☕️ Good Tuesday morning from T-Town — Tuscaloosa, Alabama, where I'm visiting nephew Anders, starting his sophomore year at Alabama.
Situational awareness ... Russian military intelligence "appears to have a new target: conservative American think tanks that have broken with President Trump and are seeking continued sanctions against Moscow, exposing oligarchs or pressing for human rights," the N.Y. Times' David E. Sanger and Sheera Frenkel report.
Illustration: Rebecca Zisser/Axios
With China’s economy cooling, President Trump and his aides are emboldened on the hardline tariffs strategy that they increasingly believe is jamming President Xi Jinping, officials tell Jonathan Swan and me.
The Wall Street Journal reports in today's lead story: "The Trump administration is moving closer ... to levying tariffs on nearly half of Chinese imports despite broad opposition from U.S. business."
A member of Congress who recently spoke at length with Trump about trade said: "He thinks he’s right and he thinks he’s winning."
Based on news reports out of China (Wall Street Journal, Aug. 14, from Beijing: "China’s Growth Engine Sputters as It Battles U.S. Over Trade"), some administration officials believe Trump is winning his fight with Beijing.
The member of Congress said: "They think internally that because China sells so much more to the U.S. than the U.S. sells to China, this is a war they can win."
Most of Trump’s top economic and trade officials adamantly oppose these auto tariffs. Trade adviser Peter Navarro is a lonely internal advocate alongside the president.
Be smart: If Trump carries out his threats on auto tariffs, it could be the act that provokes a Republican rebellion on Capitol Hill.
President Trump in a Reuters interview yesterday, on the Mueller probe:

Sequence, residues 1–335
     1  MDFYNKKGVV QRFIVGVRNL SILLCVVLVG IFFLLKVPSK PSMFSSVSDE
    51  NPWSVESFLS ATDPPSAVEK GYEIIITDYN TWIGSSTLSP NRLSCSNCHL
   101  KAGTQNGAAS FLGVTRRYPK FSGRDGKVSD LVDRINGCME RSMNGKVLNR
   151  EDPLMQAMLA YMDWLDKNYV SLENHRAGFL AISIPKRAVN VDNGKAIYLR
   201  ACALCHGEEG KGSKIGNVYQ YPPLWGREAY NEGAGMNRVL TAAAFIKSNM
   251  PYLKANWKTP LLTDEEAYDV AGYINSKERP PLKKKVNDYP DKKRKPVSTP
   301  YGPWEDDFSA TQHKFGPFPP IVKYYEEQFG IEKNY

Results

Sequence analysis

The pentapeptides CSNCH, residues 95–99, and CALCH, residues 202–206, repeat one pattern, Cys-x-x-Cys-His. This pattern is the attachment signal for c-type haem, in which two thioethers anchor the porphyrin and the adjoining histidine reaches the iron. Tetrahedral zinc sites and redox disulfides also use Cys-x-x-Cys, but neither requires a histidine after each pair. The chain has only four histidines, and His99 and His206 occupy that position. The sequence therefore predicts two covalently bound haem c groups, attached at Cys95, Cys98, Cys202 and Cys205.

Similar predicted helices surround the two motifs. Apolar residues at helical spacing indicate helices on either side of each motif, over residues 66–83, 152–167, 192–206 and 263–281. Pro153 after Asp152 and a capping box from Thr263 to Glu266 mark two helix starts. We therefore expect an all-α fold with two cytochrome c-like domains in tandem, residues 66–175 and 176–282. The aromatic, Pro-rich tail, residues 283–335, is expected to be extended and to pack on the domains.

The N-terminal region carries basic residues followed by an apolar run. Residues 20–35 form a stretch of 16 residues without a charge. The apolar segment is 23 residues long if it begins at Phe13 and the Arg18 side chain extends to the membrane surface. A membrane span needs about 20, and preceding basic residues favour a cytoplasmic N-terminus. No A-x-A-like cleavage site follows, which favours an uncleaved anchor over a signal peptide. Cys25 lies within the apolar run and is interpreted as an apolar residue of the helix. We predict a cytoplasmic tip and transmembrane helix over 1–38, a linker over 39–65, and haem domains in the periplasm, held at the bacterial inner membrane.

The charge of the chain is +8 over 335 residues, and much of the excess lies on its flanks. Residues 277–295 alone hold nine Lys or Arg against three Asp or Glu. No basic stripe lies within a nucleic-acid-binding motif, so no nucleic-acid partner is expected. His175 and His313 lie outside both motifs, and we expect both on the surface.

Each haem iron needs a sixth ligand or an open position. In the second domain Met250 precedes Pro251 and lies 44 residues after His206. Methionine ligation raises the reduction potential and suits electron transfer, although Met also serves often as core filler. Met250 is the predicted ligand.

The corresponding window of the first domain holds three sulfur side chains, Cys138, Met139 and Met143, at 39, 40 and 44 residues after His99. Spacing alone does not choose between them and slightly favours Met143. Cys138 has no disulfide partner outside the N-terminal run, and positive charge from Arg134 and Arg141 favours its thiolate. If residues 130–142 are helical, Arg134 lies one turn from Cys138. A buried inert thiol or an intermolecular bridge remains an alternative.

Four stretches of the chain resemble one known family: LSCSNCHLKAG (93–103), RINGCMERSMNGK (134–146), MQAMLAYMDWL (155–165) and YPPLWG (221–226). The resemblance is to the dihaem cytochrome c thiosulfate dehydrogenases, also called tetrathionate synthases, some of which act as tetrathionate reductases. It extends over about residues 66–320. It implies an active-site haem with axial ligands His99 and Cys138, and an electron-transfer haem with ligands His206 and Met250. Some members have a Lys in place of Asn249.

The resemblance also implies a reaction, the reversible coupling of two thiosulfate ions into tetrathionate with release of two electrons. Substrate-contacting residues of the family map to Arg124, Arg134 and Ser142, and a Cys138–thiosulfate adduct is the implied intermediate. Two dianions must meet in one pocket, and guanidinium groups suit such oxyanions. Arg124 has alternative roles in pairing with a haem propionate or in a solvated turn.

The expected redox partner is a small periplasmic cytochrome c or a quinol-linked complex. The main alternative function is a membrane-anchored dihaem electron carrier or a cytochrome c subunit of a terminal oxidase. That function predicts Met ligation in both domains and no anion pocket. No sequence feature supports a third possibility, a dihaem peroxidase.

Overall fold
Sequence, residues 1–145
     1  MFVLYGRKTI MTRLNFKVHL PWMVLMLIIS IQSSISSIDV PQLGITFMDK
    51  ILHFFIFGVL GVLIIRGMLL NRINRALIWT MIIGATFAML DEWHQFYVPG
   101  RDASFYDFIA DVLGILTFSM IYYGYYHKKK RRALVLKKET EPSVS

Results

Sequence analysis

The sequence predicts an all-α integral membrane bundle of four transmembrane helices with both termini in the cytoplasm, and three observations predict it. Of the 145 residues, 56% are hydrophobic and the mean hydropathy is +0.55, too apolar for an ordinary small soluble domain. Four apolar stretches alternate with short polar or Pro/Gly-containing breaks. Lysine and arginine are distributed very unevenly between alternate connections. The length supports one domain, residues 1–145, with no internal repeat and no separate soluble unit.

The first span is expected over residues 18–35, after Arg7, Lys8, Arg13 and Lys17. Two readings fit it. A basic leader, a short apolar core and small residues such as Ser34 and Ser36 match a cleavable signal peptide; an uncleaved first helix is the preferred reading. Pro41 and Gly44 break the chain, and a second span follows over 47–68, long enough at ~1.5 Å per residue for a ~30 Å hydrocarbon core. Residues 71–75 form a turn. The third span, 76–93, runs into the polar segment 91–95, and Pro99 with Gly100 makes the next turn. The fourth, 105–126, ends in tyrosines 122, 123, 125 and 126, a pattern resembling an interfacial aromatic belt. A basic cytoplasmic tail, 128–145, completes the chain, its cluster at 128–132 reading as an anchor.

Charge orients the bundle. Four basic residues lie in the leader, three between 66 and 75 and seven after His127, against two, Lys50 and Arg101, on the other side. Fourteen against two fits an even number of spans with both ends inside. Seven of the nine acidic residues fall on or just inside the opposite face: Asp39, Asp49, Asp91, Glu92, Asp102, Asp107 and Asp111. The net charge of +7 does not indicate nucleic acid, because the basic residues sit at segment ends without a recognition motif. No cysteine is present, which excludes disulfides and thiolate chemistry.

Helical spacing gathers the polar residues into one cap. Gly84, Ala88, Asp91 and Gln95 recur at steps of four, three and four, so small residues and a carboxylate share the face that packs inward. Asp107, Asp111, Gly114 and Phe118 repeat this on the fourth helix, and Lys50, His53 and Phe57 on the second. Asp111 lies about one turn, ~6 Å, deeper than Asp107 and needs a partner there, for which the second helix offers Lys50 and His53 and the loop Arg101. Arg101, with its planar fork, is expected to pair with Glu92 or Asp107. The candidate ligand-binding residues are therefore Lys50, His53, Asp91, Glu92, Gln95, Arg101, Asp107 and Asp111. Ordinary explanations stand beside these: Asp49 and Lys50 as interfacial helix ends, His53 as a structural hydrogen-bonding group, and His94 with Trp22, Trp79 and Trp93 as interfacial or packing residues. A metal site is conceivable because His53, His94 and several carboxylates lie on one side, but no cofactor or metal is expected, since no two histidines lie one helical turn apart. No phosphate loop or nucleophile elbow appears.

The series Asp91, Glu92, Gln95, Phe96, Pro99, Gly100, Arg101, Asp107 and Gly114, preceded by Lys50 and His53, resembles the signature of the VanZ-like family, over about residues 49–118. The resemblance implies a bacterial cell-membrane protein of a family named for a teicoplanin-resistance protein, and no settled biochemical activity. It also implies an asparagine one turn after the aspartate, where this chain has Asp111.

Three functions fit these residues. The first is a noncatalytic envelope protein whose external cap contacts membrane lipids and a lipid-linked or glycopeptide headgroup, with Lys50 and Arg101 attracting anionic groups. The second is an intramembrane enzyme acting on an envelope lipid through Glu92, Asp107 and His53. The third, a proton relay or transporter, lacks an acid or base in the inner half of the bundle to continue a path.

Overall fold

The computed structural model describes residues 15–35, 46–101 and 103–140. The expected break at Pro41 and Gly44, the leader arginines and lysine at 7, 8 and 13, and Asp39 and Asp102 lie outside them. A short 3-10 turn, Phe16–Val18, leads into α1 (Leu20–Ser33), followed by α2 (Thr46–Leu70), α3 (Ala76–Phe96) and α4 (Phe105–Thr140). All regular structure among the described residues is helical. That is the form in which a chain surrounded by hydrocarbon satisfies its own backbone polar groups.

"I can go in, and I could do whatever — I could run it if I want. But I decided to stay out ... I’m totally allowed to be involved if I wanted to be. So far, I haven’t chosen to be involved. I’ll stay out."
Trump calls his administration "a smooth-running machine."
The setting sun is seen through smoky air behind the Narrows Bridge in Tacoma, Wash.
The New Yorker's Adam Entous: "A turning point for [President Obama's last CIA director, John] Brennan was a tweet from the President on March 4, 2017, in which Trump falsely claimed, 'How low has President Obama gone to tapp my phones during the very sacred election process. This is Nixon/Watergate. Bad (or sick) guy!'"
"Protesters toppled the Silent Sam Confederate statue on the campus of UNC-Chapel Hill" last night, The (Raleigh) News & Observer's Jane Stancill reports:
In the week since a Pennsylvania grand jury reported on child sex abuse by Catholic priests, the reputation of Cardinal Donald Wuerl, the Archbishop of Washington, has taken a brutal hit, the WashPost's Michelle Boorstein reports:
Be smart: "[U]nlike the quiet protests and longings for change of past decades, Catholics in 2018 are demanding accountability — and fast."
"Broken Bones And Missing Teeth: Scooter Injuries Are Becoming Common At Hospitals ... Emergency rooms are seeing people injured on scooters, or by tripping over them," per BuzzFeed's Katie Notopoulos:
"More companies than ever are using the profit motive to help the planet and tackle social problems."
See the full Change the World list.
"The Eagles' greatest hits album has moonwalked past Michael Jackson's "Thriller" to become history's best-selling album of all-time in the U.S.," AP Music Writer Mesfin Fekadu reports:
P.S. For Bob Costa ... "Phish Fans Are Usually Peaceable — Until the Tarps Come Out ... Tempers flare when concert-goers claim whole rows of choice space by throwing giant plastic covers over them" — Wall Street Journal A-hed by Ira Iosebashvili (subscription):
Thanks for reading. See you all day on Axios.com.